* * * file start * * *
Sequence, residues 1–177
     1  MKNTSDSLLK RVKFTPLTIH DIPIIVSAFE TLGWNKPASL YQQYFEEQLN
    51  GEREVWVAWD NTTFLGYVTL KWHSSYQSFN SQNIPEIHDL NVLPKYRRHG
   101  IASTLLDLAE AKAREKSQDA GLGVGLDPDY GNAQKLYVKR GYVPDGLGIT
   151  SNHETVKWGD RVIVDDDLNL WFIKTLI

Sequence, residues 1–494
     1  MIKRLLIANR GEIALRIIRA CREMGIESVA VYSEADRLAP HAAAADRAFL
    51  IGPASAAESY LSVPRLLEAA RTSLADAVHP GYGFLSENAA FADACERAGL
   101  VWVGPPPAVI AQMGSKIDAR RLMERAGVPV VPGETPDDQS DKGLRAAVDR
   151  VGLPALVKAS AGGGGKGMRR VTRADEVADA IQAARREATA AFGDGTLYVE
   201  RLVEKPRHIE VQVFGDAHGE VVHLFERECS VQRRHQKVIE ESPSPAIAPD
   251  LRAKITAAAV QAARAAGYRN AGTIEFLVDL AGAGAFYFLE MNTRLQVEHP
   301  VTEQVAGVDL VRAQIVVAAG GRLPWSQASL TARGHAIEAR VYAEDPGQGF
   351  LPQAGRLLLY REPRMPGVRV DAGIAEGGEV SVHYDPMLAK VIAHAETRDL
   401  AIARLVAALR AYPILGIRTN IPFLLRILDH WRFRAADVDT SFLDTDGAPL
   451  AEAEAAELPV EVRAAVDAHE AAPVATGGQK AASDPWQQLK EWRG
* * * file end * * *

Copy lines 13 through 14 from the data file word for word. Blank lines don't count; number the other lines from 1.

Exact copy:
   301  VTEQVAGVDL VRAQIVVAAG GRLPWSQASL TARGHAIEAR VYAEDPGQGF
   351  LPQAGRLLLY REPRMPGVRV DAGIAEGGEV SVHYDPMLAK VIAHAETRDL